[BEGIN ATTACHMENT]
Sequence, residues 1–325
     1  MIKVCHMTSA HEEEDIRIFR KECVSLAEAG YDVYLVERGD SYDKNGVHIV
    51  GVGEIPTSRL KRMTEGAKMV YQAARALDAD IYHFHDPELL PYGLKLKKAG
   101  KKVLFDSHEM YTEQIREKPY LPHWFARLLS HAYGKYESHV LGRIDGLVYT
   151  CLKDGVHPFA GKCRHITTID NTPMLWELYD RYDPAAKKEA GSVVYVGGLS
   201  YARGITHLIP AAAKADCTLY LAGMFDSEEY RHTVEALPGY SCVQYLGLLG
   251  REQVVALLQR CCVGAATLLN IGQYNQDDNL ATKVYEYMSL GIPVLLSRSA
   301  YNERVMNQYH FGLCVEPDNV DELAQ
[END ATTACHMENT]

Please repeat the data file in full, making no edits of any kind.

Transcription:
Sequence, residues 1–325
     1  MIKVCHMTSA HEEEDIRIFR KECVSLAEAG YDVYLVERGD SYDKNGVHIV
    51  GVGEIPTSRL KRMTEGAKMV YQAARALDAD IYHFHDPELL PYGLKLKKAG
   101  KKVLFDSHEM YTEQIREKPY LPHWFARLLS HAYGKYESHV LGRIDGLVYT
   151  CLKDGVHPFA GKCRHITTID NTPMLWELYD RYDPAAKKEA GSVVYVGGLS
   201  YARGITHLIP AAAKADCTLY LAGMFDSEEY RHTVEALPGY SCVQYLGLLG
   251  REQVVALLQR CCVGAATLLN IGQYNQDDNL ATKVYEYMSL GIPVLLSRSA
   301  YNERVMNQYH FGLCVEPDNV DELAQ